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Photo of world's longest floating bridge in Seattle and Bellevue, Washington.


Geotechnical ingenuity and site-specific anchor design overcome challenges to build world’s longest floating bridge

7,710 feet long

floating span, certified the longest in the world when the bridge opened

89 miles per hour

sustained wind speed it is designed to resist, 32 mph faster than original bridge

74,000 motorists

cross bridge each day, on average


  • The Washington State Department of Transportation (WSDOT) needed a replacement for the Evergreen Point Floating Bridge, a stretch of State Route 520 that spans Lake Washington to connect Seattle with communities to the east.
  • The new bridge needed to handle more traffic, accommodate mass transit, and hold up under high winds, waves, seismic seiches, and other environmental forces.
  • But meeting these goals would be challenging, given the difficulty of testing the very soft site soil under the lake, the extreme weather possible in the Pacific Northwest, and the need to withstand seismic activity.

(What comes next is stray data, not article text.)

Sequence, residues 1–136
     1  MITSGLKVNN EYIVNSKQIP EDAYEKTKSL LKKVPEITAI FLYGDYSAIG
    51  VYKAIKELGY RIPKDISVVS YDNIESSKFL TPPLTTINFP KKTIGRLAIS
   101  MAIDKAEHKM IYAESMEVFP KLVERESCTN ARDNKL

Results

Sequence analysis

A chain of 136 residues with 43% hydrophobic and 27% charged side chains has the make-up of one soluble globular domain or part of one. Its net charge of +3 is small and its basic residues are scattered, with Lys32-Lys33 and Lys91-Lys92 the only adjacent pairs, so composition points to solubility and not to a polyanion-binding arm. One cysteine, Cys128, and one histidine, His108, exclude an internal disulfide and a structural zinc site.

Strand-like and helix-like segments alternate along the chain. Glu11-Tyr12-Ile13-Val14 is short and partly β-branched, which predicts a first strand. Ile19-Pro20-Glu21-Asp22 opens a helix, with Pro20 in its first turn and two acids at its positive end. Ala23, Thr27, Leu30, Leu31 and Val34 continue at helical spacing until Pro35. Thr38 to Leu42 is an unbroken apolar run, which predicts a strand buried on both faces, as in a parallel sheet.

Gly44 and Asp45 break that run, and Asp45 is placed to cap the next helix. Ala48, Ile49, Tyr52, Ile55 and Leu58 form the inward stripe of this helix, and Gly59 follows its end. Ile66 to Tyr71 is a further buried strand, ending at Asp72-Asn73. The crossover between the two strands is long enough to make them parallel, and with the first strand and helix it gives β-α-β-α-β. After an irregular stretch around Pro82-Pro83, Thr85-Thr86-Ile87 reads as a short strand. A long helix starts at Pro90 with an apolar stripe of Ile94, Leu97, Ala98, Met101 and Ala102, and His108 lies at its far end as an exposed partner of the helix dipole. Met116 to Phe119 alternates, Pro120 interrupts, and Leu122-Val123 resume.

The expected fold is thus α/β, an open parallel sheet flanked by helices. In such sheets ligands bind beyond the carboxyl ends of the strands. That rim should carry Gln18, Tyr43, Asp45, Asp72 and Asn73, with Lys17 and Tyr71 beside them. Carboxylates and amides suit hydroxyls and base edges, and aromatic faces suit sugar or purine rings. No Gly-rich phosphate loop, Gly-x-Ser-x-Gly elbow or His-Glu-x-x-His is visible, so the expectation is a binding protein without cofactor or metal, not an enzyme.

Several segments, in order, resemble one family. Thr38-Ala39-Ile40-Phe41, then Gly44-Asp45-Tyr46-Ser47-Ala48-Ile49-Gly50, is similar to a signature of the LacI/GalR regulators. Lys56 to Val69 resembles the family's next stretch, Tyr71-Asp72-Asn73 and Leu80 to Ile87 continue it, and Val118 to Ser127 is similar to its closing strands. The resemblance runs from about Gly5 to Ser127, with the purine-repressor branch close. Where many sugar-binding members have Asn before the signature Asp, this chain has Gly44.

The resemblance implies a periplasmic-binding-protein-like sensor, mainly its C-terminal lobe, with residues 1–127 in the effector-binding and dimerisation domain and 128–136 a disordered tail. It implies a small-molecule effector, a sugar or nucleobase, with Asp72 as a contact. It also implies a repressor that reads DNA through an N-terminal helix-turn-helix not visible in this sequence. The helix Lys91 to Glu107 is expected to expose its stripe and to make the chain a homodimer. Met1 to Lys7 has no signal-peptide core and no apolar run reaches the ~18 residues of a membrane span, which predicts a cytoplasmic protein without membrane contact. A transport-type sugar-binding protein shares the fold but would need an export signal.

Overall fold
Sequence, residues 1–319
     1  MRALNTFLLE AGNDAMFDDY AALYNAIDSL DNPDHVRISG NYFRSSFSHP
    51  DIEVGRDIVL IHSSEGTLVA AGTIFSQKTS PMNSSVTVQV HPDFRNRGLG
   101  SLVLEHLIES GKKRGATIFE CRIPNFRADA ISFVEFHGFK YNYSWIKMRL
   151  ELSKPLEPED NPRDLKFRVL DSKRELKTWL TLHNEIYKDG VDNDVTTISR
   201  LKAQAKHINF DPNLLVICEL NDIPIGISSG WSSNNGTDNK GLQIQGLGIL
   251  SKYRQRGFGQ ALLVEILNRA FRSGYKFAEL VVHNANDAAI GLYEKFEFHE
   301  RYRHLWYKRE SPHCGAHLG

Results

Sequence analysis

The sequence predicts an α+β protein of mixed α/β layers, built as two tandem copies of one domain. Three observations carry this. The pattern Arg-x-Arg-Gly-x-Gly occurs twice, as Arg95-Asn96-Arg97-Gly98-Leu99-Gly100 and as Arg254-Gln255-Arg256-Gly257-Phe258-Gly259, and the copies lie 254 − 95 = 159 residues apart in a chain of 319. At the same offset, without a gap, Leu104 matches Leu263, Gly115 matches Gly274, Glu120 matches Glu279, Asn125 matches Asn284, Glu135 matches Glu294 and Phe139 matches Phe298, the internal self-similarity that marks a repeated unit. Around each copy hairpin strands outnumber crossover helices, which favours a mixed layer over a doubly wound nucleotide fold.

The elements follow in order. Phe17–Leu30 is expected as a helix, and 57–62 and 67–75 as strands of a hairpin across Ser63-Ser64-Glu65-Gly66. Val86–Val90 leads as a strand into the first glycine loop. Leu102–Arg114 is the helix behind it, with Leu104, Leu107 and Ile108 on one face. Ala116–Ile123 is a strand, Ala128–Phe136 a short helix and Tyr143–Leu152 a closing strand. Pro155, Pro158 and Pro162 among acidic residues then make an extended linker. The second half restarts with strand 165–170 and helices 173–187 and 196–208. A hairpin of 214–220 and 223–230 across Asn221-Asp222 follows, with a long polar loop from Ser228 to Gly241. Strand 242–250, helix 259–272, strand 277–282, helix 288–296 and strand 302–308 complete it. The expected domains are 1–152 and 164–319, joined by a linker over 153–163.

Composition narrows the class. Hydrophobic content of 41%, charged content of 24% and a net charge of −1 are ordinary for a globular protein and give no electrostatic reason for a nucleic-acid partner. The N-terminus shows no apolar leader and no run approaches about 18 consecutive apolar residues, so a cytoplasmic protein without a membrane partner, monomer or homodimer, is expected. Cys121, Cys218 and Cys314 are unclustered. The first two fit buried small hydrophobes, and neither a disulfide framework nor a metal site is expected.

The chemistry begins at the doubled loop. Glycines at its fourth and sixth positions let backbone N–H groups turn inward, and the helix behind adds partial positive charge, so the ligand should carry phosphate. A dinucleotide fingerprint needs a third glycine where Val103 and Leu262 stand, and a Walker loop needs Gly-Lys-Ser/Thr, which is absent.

• The WSDOT and the design/build contractor, Kiewit, trusted Haley & Aldrich to design anchors for a new floating bridge, given our familiarity with the area’s risk factors and our proven track record of designing for resilience.
  • Collaborating closely with other project partners, we took a site-specific approach to anchor design. We used three different types of anchor tailored to specific conditions along the bridge’s path, an approach that enabled us to match anchor design and materials to the exact soil conditions, water depth, environmental constraints, and navigation requirements of each site.
  • This tailored solution helped deliver a bridge with an expected 75-year life span while also saving the WSDOT money and minimizing environmental impact to the lake during construction.

For more information, contact:

Headshot of male, Gary Horvitz
Garry R. Horvitz

Senior Principal Geotechnical Engineer